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Activists talk dredging woes

Mother Nature co-founder Sun Mala (right) delivers a presentation yesterday in Phnom Penh on dredging activities in Koh Kong’s Botum Sakor district.
Mother Nature co-founder Sun Mala (right) delivers a presentation yesterday in Phnom Penh on dredging activities in Koh Kong’s Botum Sakor district. Vireak Mai

Activists talk dredging woes

Lawmakers and activists have called on the government to address controversial dredging activities in Koh Kong’s Botum Sakor district, as environmental and social impacts continue to take their toll on the surrounding areas and communities.

Yesterday, members of the conservation NGO Mother Nature, founded by deported activist Alex Gonzalez-Davidson, held a press conference in Phnom Penh to raise their concerns over dredging by International Rainbow Co Ltd and Direct Access Co.

The group previously led a campaign against the two Vietnamese companies last week, boarding boats and chasing dredgers away for what they said was “illegal” activity.

The group threatened to take action once again if the government fails to stop the dredging.

“We will start our campaign again if the government does not reply and find a solution for us,” said Mother Nature co-founder Sun Mala.

“We need the government to officially stop these companies. We do not fear being arrested if we start up again.”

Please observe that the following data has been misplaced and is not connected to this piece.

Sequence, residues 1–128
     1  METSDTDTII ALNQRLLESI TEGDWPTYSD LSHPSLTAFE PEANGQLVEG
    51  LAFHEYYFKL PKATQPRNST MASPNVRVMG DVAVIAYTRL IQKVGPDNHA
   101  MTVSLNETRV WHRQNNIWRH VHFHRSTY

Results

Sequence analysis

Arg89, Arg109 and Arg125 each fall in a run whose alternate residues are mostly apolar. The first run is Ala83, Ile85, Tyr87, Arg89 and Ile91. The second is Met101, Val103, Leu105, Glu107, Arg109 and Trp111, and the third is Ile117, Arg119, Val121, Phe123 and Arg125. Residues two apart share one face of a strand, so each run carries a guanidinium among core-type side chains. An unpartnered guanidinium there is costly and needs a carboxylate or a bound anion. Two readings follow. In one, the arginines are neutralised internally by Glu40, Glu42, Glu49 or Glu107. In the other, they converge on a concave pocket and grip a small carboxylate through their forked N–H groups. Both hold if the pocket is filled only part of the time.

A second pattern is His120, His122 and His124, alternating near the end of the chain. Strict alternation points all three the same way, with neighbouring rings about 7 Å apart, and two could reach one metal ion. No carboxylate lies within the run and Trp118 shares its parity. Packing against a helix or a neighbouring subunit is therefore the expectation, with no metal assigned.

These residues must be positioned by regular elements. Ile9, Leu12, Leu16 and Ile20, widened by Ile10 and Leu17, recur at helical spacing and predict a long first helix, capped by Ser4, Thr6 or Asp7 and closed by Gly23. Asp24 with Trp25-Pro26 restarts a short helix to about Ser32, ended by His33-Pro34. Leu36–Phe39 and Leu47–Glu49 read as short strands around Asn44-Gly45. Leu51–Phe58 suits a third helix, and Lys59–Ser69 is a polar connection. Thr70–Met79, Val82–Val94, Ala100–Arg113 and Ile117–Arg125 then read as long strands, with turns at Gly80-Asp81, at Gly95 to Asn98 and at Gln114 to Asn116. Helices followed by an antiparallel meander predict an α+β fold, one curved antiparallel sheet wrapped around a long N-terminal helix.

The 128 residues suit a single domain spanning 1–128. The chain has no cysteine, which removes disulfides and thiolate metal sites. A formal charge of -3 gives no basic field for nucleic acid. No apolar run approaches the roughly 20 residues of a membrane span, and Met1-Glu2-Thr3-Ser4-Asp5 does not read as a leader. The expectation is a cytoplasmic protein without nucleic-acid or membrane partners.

Vey Van Ning, a fisherman who hails from the affected area, said that dredging near his village has completely decimated his fishing prospects and has caused his earnings to go down.

“The water is so dirty now, and there is less fish,” he said.

“We depend on fishing for a living, but now with [less] fish, our incomes are also less.”

In response, Pich Siyun, head of Koh Kong’s Mines and Energy Department, who was present at the conference, told villagers and concerned parties that, “the ministry is now creating a working group to find a solution”.

Meanwhile, Cambodia National Rescue Party lawmaker Son Chhay has sent a letter to Prime Minister Hun Sen asking him to personally address the dredging issues in the district.

Seventeen dredging boats and 41 transportation vessels are said to be working the area, creating environmental issues and causing river banks to collapse.

“We found that the two companies are dredging using the wrong techniques . . . in places prohibited by the government,” the letter, dated July 30 and obtained by the Post yesterday, stated.

“Please, Samdech Prime Minister, take more action to stop the lawless dredging, which provides little income for the state but has serious effects on the environment and residents’ livelihoods.”

Mother Nature began its anti-dredging campaign in Koh Kong in April.

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